Just the other morning, I finished the first of what promises to be plenty of hot, humid long runs with my training group and while we were trying to rehydrate, a relative newbie came by and asked me the best to treat a sore calf muscle. He was diligently stretching the calf after every run, followed later by dipping his legs in a Jacuzzi and then placing a heating pad on the calf for another 10 minutes. The calf hadn't been responding at all to his treatment and he was worried.
As runners, we tend to pay far more attention to the inner workings of our body than the outside. We run through the Texas summer heat and oppressive sun and assume if our legs and lungs are OK, we must be fine. Maybe, maybe not. Many of us suffer in silence as our skin takes a beating. There is simply no doubt about it, if you are running in the summer, your skin will feel the effects of one or all of the following: sunburn, chafing, wind burn, sweat-induced acne) or just plain, post-run itchiness caused by dry skin.
One of the most difficult training concepts to accept is also the very simplest: Rest. That’s right, total rest. Not active rest or cross-training, but complete rest. It doesn’t matter whether you’re a runner, swimmer, cyclist, weight lifter or bowler (OK, maybe not a bowler), but your most important training day should have a big goose egg next to it. A zero. Zilch. Nyet. Nada. Nothing.
Do you have forefoot pain? Does the area right under your toes—especially the big toe--get sore after running? If it does, you already know this is not very pleasant.
The greatest boost to putting a little pizzazz back into your sex life is to increase your overall circulation. If you can boost the blood flow to your heart and other muscles, you'll also improve the circulation to your sexual glands as well.
Healthy this; healthy that. At this time of year, so many of us are making New Year's Resolutions to eat healthier in 2016, but some of us labor under the false impression that eating healthy is boring and counterproductive to the taste buds. Sometimes all you want for a post-run breakfast is something that explodes with refreshing taste—and isn't loaded with fat and grease.
How many times have you heard this one? Typically, it’s from some non-runner who offers this well-intentioned piece of advice: “If you keep up with all that running, it’s going to ruin your knees.” If I had a breakfast taco for every single time I’ve heard that, I could compete with Taco Deli.
If you have started your training this summer for a fall marathon or half (or about to start it) and have been closely following a training schedule, you probably will have noticed that there’s always an easy day, recovery run or complete rest day following every hard or long run. This is the classic hard/easy training method that nearly every runner follows. Even though there’s a huge difference among training schedules, every reliable schedule incorporates this hard/easy style of training.
As dedicated runners, we tend to pay far more attention to the inner workings of our body than the outside. We run in the Central Texas summer heat and oppressive sun and assume if our legs, heart and lungs are OK, we must be fine. Maybe, maybe not. Many of us suffer in silence as our skin takes a beating.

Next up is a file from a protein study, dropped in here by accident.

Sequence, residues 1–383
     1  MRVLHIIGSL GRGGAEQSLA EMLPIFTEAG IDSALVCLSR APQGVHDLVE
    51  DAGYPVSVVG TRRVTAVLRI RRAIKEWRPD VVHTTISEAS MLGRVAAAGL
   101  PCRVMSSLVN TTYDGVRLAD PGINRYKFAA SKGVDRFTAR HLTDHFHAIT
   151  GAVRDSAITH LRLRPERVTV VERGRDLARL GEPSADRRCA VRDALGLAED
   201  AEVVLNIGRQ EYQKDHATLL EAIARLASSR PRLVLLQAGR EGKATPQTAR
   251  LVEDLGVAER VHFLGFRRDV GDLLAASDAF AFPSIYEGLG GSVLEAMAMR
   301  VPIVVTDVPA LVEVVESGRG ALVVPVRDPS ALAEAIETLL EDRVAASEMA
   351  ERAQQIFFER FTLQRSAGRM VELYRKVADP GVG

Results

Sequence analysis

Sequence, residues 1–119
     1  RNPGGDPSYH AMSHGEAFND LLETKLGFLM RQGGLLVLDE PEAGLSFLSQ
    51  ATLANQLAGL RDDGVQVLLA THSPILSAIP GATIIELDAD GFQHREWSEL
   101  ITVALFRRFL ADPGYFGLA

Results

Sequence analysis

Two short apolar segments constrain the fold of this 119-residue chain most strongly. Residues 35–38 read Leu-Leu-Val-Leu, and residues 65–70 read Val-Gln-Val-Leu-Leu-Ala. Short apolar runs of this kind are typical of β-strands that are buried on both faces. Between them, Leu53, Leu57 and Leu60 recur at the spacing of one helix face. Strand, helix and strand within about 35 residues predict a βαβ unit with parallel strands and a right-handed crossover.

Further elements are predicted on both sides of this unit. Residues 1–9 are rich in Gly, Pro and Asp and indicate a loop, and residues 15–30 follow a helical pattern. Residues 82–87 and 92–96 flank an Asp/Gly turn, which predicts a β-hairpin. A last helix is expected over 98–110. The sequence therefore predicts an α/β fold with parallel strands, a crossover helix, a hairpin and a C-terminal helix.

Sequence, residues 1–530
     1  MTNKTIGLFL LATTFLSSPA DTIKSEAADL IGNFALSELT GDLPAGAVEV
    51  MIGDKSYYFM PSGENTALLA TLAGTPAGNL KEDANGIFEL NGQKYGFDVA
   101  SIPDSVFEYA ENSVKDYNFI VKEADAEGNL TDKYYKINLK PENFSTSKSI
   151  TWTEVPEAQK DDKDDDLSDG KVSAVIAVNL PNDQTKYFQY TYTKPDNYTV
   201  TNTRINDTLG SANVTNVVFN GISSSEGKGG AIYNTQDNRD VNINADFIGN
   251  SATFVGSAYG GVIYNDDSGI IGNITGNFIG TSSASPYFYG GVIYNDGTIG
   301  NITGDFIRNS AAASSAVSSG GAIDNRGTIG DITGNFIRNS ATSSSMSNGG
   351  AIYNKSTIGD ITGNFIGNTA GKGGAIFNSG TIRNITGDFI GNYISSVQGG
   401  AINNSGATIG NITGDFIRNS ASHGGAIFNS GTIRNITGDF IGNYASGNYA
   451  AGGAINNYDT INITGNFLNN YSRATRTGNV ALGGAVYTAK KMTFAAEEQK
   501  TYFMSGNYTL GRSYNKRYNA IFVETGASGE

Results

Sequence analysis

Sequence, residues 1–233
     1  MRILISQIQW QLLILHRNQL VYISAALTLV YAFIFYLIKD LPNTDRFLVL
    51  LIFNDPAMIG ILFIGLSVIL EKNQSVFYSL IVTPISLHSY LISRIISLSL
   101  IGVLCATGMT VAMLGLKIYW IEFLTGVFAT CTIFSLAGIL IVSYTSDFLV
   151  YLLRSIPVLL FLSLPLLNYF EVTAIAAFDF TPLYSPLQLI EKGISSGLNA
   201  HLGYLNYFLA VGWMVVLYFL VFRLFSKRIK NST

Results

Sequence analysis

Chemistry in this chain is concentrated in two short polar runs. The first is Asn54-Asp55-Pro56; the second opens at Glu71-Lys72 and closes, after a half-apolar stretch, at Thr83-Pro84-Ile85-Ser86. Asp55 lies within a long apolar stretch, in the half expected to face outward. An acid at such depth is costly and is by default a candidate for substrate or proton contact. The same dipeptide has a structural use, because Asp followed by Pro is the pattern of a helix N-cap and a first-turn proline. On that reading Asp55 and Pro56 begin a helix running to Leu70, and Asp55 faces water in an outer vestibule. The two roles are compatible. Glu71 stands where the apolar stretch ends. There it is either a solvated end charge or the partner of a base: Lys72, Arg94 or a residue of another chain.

There isn't a runner alive who hasn't suffered at one time or another from a simple ankle sprain. It is - by far - the most common injury that puts runners on the injury list. According to the American Orthopedic Foot and Ankle Society, physicians see more than a million patients a year complaining of ankle sprains.
How many times have you heard this one from some of your non-running friends and family: “If you keep up with all that running, the pounding will catch up with you and ruin your joints sooner or later.” Your well-meaning friends and family are bringing up a logical concern—one that even maybe you have considered. We all love running and it's certainly a great activity/sport, but if I continue with it, will I end up stiff, in pain and more prone to arthritis when I get older?
There isn’t a runner on the planet who hasn’t had at least occasional trouble falling asleep before an important race. Just when you most need a full night’s rest, you spend the night, tossing and turning. What can you do? And if you don’t sleep well, will it sabotage your big race? Certainly, the quality [...]
Before beginning just about any run, you should ask yourself the purpose of it. The majority of training runs are easy runs that are designed to build endurance, but on the speed work day it’s a little more complicated. It's important to decide what type of speed you will be working on and why you [...]
Just about every runner who trains consistently and with any degree of intensity will suffer some type of injury. The stress of training and the repetitive nature of the sport makes it almost inevitable that somewhere along the way you will suffer an injury. But fortunately, most running injuries are relatively minor and heal quickly. [...]
It’s 4 months from that big fall marathon when the pain begins. The discomfort starts as a twinge on the outside of the knee, but quickly progresses into a much more debilitating pain. All eyes turn toward the knee and you start to remember all that hearsay from your Uncle Don and Aunt Nancy about [...]